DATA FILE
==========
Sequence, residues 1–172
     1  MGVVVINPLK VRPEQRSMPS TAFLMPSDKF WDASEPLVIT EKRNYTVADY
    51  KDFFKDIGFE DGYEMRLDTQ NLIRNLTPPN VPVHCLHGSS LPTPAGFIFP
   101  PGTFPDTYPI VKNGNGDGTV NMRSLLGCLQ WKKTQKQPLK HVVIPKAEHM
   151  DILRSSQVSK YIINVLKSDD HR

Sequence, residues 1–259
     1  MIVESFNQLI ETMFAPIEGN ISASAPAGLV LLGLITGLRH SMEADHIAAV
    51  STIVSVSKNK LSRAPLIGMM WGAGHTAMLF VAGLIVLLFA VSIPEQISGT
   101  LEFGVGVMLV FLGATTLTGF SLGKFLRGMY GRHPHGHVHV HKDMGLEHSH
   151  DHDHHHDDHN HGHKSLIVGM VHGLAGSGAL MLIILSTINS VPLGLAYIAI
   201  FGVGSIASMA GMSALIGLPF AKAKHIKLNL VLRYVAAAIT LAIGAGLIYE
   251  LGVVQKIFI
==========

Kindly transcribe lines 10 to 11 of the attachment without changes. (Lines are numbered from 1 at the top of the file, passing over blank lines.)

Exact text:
   151  DHDHHHDDHN HGHKSLIVGM VHGLAGSGAL MLIILSTINS VPLGLAYIAI
   201  FGVGSIASMA GMSALIGLPF AKAKHIKLNL VLRYVAAAIT LAIGAGLIYE